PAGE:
For anyone who is interested, my article in New Blackfriars has made it to print. Entitled "Recovering Rahner's Concept of Being in Spirit in the World," it is an essay heavily influenced by my great teacher and friend Father Terrance Klein. My dear friend Jane Dryden also lurks in the background, not so much in an explicit way but, rather, as the muse who inspired me to dig deeper into philosophical reflection.
Writing, whether as a blogger or as a teacher or as a hopeful scholar, is a profoundly intimate process. It tries to put into words what seems to be almost impossible to express. Re-reading my own writing recently, I kept saying to myself "Duns! You could have said this better, you could have been more clear, you could have done this....". Alas, it is the fragility of language and something I will have to struggle with forever. Writing, in this sense, is trying to make explicit what roils implicitly in my heart and mind, an effort to make exterior something that is at the innermost center of my heart.
I say with all honesty that I am neither a great mind nor a great scholar. I think I work hard, that I have an open and capable mind, and a willing heart. I love to share with others the riches of the Catholic faith and one way of doing that is through sustained reflection on the very foundations of that faith. This act of sharing is a form of communion, of bringing different voices together and trying to discern the common refrain they sing. So conceived, it is my most fervent hope that anything I write or teach finds its end in making faith reasonable, in making faith credible, and in showing how faith shapes and transforms the human life.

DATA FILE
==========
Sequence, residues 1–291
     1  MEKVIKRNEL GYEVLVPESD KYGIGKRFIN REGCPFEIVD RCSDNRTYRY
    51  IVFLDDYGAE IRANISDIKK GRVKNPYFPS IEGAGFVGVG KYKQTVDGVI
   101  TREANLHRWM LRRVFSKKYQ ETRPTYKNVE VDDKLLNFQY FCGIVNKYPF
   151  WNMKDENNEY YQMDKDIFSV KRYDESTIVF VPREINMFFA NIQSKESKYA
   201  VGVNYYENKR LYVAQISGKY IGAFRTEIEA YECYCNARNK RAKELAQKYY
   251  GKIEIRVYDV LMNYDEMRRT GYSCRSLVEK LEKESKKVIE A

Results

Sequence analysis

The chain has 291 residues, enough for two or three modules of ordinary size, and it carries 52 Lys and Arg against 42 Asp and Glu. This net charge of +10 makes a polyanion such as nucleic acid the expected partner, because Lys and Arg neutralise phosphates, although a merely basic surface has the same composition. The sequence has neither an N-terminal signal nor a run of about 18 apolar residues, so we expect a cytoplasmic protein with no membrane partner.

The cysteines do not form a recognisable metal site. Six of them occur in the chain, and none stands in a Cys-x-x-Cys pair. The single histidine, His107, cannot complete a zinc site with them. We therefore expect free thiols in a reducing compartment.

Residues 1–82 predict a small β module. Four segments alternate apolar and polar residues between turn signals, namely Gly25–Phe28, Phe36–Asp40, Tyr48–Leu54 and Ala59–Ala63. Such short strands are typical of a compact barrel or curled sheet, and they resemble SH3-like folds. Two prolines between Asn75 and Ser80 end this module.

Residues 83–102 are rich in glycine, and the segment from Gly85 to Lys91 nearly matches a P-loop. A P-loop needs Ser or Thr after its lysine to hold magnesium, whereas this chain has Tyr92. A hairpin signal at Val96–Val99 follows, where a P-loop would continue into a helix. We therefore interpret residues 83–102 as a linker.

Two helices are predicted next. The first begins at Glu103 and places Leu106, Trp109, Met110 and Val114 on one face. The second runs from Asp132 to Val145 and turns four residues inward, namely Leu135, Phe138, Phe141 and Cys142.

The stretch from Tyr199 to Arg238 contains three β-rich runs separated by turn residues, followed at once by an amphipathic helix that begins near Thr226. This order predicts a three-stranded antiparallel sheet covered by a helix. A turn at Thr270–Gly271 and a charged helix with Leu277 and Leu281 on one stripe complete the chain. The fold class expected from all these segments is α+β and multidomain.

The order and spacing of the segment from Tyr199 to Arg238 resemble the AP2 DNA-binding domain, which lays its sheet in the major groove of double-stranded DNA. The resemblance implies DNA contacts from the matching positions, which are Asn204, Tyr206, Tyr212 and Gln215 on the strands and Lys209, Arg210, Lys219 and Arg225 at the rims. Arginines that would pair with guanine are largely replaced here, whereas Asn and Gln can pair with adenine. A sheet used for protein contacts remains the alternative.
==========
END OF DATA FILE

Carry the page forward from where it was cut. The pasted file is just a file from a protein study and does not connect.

I include a screen-shot of the essay that is published as a preview on the New Blackfriars webpage. I hope I'm not violating any copyright laws. If I am, I'll take it down immediately.
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Below, please find the third case study I wrote and used on my final exam for our junior-year morality course.
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